Excerpt from John O. Honnold, Uniform Law for International Sales under the 1980 United Nations Convention, 3rd ed. (1999), pages 229-235. Reproduced with permission of the publisher, Kluwer Law International, The Hague.
§ 200 Agreements of Modification Article 29 addresses questions that arise when the parties agree to modify their contract. Will the agreement be effective although nothing additional is given to satisfy common law requirements with respect to "consideration?" Some contracts provide that modifications must be in writing: Will these agreements nullify modifications that are made orally?
Article 29 addresses questions that arise when the parties agree to modify their contract. Will the agreement be effective although nothing additional is given to satisfy common law requirements with respect to "consideration?" Some contracts provide that modifications must be in writing: Will these agreements nullify modifications that are made orally?
"(1) A contract may be modified or terminated by the mere agreement of the parties.
"(2) A contract in writing which contains a provision requiring any modification or termination by agreement to be in writing may not be otherwise modified or terminated by agreement. However, a party may be precluded by his conduct from asserting such a provision to the extent that the other party has relied on that conduct."
§ 201 A. Modification or Termination by "Mere Agreement"
Paragraph (1) is addressed to a problem presented by the traditional common-law doctrine of "consideration." When an agreement to modify a contract merely increases or reduces the obligations of one of the parties, the agreement may be ineffective since it is not supported by "consideration"—i.e., by an act or promise given in exchange for the new promise. This restriction on the parties’ ability to adapt their transaction [page 229] to new circumstances has generated pressure for modifications of the traditional rule.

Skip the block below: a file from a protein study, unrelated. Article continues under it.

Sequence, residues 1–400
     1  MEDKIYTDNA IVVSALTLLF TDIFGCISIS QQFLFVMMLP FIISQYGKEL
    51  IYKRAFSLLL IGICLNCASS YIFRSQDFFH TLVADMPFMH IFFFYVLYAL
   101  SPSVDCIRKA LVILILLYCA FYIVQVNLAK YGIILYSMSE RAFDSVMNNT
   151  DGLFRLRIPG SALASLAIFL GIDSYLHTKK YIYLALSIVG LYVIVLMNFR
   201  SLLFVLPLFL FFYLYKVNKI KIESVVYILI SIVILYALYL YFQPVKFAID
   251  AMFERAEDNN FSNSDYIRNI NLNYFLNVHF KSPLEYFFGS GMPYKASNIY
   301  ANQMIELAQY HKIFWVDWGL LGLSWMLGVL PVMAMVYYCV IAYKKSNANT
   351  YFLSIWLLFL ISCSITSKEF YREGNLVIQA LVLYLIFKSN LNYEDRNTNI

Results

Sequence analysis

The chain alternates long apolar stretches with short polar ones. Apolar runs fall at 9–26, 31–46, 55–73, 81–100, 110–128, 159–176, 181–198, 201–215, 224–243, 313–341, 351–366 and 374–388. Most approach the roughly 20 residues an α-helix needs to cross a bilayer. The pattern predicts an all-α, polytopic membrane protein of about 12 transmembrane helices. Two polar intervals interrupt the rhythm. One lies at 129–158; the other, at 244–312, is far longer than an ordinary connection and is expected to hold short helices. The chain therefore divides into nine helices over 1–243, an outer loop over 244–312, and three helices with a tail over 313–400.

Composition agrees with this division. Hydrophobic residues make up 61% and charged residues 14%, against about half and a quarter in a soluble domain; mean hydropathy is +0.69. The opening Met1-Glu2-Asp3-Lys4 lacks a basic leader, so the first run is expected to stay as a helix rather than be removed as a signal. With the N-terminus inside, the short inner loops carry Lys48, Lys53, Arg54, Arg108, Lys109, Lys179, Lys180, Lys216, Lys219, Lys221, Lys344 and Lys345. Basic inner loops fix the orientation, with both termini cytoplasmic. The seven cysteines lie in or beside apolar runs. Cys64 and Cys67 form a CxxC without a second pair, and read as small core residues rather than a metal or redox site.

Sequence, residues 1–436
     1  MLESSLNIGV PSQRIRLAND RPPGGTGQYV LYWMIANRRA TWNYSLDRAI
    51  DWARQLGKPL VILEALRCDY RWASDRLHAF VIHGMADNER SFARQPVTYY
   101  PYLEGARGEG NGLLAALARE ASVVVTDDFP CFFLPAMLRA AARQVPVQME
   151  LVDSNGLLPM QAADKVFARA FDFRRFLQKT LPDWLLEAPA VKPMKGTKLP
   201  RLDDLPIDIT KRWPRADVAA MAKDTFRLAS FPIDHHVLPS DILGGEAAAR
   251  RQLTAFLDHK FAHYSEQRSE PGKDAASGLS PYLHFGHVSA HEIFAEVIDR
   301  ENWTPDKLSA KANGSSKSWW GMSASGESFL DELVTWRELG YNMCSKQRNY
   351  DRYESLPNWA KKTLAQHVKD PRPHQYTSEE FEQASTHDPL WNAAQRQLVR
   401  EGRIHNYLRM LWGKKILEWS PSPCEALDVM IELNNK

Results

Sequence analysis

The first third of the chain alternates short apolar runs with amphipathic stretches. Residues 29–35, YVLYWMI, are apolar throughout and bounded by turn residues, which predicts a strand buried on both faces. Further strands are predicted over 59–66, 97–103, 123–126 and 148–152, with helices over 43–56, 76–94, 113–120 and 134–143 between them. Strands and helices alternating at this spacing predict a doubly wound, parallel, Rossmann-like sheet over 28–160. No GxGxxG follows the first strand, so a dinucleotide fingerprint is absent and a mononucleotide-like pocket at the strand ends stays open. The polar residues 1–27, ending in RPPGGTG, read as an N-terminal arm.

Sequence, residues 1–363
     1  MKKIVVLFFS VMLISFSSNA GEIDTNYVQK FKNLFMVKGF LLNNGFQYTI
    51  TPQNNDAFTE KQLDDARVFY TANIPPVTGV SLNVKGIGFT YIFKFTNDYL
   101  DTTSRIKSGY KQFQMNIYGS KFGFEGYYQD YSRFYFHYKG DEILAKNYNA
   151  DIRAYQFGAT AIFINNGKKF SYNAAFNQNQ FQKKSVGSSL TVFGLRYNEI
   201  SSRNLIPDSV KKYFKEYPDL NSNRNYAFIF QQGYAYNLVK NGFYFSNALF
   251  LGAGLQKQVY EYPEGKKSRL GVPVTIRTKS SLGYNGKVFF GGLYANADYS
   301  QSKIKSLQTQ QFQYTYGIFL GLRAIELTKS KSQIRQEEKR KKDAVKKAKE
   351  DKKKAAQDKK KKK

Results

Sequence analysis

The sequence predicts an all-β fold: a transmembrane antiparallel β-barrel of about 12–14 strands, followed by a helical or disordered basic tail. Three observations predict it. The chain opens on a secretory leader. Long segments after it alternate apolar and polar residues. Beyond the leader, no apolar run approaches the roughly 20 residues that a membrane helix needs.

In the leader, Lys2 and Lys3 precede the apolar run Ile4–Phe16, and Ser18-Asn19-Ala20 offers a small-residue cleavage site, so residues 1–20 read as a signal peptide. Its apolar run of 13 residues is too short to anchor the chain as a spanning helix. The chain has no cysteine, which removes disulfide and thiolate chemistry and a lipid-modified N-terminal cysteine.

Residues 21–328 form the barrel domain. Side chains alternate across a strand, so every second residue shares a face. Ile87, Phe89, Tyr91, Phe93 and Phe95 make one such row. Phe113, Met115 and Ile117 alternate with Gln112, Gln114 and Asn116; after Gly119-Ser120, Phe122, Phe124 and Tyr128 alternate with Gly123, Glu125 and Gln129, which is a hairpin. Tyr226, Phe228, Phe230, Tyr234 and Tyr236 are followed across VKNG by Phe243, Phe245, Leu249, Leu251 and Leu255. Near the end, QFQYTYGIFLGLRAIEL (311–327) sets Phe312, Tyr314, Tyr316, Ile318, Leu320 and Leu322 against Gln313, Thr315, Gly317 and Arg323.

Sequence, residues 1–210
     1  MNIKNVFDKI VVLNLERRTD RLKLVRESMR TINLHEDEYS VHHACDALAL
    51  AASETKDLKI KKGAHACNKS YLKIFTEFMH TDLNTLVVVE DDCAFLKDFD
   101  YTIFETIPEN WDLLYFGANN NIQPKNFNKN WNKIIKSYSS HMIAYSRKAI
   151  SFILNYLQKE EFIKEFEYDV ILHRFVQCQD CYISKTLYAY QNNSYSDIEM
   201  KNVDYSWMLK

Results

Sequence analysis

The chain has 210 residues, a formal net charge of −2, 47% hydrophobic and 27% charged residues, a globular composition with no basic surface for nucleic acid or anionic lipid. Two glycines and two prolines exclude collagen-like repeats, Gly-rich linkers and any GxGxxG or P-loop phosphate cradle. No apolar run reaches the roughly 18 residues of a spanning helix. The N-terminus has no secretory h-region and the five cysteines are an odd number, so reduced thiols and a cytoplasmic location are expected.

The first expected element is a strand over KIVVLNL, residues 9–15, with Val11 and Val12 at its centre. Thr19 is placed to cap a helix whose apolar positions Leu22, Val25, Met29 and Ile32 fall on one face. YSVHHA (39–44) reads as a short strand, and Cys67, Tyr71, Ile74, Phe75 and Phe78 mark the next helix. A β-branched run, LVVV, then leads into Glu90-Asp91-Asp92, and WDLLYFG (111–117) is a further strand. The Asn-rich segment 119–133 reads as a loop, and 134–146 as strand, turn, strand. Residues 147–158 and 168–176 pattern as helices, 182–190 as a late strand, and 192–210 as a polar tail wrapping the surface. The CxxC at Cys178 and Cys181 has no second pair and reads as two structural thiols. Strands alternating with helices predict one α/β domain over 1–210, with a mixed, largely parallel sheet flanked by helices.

The (U.S.A.) Uniform Commercial Code swept aside this common-law rule by this brief statement (§2–209(1)): "An agreement modifying a contract within this Article needs no consideration to be binding." Article 29(1) of the Convention achieves the same result by stating that a contract may be modified or terminated "by the mere agreement" of the parties. "Agreement" need not be explicit but may be based on conduct (Art. 18(3), §§163–164, supra), or on practices established by the parties or usage of trade (Art. 9, §§112–122, supra).
§202 B. Contract Restrictions on Modification
The fact that the sales contract is in writing does not bar oral modification. Arts. 11, 29(2). However, contracts sometimes provide that they may be modified only in writing. Article 29(2) gives effect to these private "statutes of frauds." What is the effect of a contract term that requires formalities for modification other than a "writing?" Suppose the initial contract permits modification only by a writing "signed by the parties" or requires the "approval in writing by the managing director."
Under Article 6, the parties may "vary the effect of any " of the Convention’s provisions; the parties, by a written agreement, may broaden the scope of Article 29.
The role of the second sentence of Article 29(2) may be illustrated as follows:[page 230]
Example 29A. A written contract called for Seller to manufacture 10,000 units of a product according to specifications that were supplied by Buyer and set forth in the contract. The contract provided: "This contract may only be modified by a writing signed by the parties." Before Seller started production, the parties by telephone agreed on a change in the specifications. Seller produces 2,000 units in accordance with the new specifications; Buyer refused to accept these units on the ground that they did not conform to the specifications in the written contract.
Because of the contract provision, under Article 29(2) the oral agreement to the change in specifications, by itself, was ineffective to modify the contract. However, Buyer’s oral agreement could be held to constitute "conduct" that would preclude him from invoking the contract clause "to the extent that the other party has relied on that conduct"; Seller’s production of the 2,000 units in accordance with the oral agreement could constitute such reliance. However, Buyer is precluded only "to the extent" of the reliance; he should be able to insist on the original specifications for further production.
Under this view, Article 29(2) reliance may be based on "conduct" such as a statement by one party that it would accept a shipment made a week later than the date specified in the contract followed by a shipment made in accordance with this assurance.